• Exercising leads to a slight to moderate increase in metabolism during the “recovery period”, or the time after your workout when your body is busy replenishing cellular energy stores and making repairs to tissues. Because of this, exercise in the morning may provide a slight advantage by adding to the normal amounts of energy used during your daily activities. Overall, you may see a small increase in overall energy (calories) burned during the day. It’s important to note that this difference will be minor, especially if your morning workout is low to moderate intensity, and will not be enough to make a huge difference to body weight and body composition in a short or even moderate/medium time frame – this is for playing the long game.
  • Some studies have shown an increase in fat burning tendencies after exercise in the morning compared to exercise in the evening, though other studies have found no differences. This also appears to be dependent on the types of fats in your diet, with unsaturated varieties being more easily used than saturated fats. This can be particularly useful if you’re exercising for heart, cardiovascular, or metabolic health.
  • Exercise intensity and the resulting hormonal and immune responses (generally thought to be related to the physical stress of exercise) both influence the use of fats versus carbohydrates in providing energy at a cellular level. In normal physical function, these responses are influenced by the time of day as well as how you exercise. Many physical responses to exercise are amplified in the evening; Evening exercise appears to increase the body’s hormonal and immune responses, which in turn can lead to higher release of fat molecules into the bloodstream – basically, leading to increased breakdown of fat stores. It’s important to note, however, that increased breakdown of fat stores does not necessarily mean increase fat burning, as these molecules may continue to circulate in the blood without being used.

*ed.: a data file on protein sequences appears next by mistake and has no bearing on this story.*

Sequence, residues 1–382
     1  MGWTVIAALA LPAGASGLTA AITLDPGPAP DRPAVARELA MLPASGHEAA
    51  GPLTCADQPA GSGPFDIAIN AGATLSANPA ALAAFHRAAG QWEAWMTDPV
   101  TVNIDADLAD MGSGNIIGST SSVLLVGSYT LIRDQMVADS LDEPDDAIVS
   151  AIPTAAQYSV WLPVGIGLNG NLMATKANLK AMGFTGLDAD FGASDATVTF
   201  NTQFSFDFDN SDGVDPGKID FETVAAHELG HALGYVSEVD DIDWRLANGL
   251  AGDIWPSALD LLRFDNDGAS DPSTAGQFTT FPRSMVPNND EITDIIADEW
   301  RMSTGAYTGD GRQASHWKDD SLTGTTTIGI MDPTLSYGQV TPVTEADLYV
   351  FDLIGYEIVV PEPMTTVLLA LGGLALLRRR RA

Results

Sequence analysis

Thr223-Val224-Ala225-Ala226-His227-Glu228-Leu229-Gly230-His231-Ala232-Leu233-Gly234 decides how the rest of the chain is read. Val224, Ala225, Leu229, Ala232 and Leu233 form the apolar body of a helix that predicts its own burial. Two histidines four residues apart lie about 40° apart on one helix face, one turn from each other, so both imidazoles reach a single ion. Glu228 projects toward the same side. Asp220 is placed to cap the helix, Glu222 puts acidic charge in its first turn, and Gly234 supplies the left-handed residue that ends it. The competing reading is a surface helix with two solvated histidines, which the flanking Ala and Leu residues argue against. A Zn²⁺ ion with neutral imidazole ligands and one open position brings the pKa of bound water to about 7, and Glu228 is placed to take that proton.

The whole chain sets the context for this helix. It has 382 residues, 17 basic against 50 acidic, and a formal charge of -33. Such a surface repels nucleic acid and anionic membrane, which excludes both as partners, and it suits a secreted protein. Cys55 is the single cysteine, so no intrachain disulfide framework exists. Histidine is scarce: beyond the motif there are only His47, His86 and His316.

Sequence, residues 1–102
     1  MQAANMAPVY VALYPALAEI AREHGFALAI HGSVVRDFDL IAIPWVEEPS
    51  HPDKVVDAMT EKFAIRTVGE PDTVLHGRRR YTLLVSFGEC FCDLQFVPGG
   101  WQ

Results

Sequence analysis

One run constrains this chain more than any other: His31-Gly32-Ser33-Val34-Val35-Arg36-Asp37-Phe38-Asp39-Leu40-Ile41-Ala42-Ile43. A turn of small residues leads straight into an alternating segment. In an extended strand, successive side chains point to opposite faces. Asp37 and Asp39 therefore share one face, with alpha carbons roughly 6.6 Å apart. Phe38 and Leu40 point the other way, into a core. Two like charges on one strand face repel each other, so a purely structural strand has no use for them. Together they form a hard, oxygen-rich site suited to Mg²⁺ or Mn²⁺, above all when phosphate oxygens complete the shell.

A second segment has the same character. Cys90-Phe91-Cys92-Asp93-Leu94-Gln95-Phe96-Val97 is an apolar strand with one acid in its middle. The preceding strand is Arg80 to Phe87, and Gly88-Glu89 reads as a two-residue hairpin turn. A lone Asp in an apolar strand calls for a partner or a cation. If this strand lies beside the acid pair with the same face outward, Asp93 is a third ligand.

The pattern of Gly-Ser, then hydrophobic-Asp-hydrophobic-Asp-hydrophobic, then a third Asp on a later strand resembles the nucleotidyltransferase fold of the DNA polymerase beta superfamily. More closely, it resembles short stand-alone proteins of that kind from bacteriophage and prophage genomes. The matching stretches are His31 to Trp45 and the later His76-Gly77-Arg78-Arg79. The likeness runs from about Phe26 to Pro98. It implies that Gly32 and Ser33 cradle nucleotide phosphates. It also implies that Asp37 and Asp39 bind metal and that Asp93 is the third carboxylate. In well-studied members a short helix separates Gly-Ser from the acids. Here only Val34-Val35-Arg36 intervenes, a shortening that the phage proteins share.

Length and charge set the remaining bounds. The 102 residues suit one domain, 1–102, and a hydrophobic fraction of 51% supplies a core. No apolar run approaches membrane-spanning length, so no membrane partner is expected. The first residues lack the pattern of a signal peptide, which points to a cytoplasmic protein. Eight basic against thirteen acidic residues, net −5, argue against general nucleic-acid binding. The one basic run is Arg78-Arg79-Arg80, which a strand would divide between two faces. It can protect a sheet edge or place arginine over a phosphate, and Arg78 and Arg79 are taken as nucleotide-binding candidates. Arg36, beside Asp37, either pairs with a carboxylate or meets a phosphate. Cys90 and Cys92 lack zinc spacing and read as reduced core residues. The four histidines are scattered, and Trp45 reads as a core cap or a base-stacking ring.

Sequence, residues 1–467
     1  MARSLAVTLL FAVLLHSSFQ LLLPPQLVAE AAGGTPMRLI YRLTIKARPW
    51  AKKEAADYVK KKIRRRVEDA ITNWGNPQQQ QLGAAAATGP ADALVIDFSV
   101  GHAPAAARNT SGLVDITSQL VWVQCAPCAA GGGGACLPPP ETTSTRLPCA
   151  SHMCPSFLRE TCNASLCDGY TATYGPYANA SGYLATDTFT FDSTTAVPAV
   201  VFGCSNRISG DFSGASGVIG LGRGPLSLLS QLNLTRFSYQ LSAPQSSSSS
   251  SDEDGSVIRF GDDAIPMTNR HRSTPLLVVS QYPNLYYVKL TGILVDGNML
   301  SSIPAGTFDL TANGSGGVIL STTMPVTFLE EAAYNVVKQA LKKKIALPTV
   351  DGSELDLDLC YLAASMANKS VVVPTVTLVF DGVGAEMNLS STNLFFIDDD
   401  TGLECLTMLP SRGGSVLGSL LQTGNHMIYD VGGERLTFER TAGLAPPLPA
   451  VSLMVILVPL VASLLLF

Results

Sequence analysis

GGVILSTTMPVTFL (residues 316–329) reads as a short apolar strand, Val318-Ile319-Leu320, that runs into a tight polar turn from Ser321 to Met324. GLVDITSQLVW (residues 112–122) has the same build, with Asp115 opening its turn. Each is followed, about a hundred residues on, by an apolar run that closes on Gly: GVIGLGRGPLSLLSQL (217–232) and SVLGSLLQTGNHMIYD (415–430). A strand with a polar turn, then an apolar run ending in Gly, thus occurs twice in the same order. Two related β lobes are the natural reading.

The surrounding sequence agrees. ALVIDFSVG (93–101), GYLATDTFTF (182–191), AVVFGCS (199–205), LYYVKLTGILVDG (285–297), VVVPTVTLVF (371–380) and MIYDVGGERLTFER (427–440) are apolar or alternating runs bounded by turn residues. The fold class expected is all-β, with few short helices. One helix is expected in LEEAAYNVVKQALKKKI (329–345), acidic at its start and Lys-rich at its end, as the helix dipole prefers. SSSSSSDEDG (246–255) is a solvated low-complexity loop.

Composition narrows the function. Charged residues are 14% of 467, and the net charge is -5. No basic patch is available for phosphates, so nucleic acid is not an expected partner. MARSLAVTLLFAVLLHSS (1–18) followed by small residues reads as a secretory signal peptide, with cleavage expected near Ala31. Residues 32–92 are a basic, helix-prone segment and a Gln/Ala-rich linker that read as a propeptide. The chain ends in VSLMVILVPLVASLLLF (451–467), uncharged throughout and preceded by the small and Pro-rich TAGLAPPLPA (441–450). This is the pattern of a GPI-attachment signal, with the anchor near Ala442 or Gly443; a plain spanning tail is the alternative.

• Given that the hormonal responses to exercise are heightened during the evening hours, you may wish to consider how these might impact your sleep. One normal exercise response is to increase levels of your “fight or flight” hormones, making you more alert – rather than ready for bed. If you already have sleep challenges, you may wish to avoid evening exercise.
  • Exercise at any time of the day is can be followed by a decrease in blood pressure. While this response is larger after evening exercise, there is evidence that the blood pressure decrease after morning exercise is more consistent. It may also be more valuable if you are prehypertensive or have high blood pressure. As part of normal body functions, you experience a temporary rise in blood pressure in the mornings; the decrease in blood pressure following morning exercise can return these morning “spikes” to more normal levels.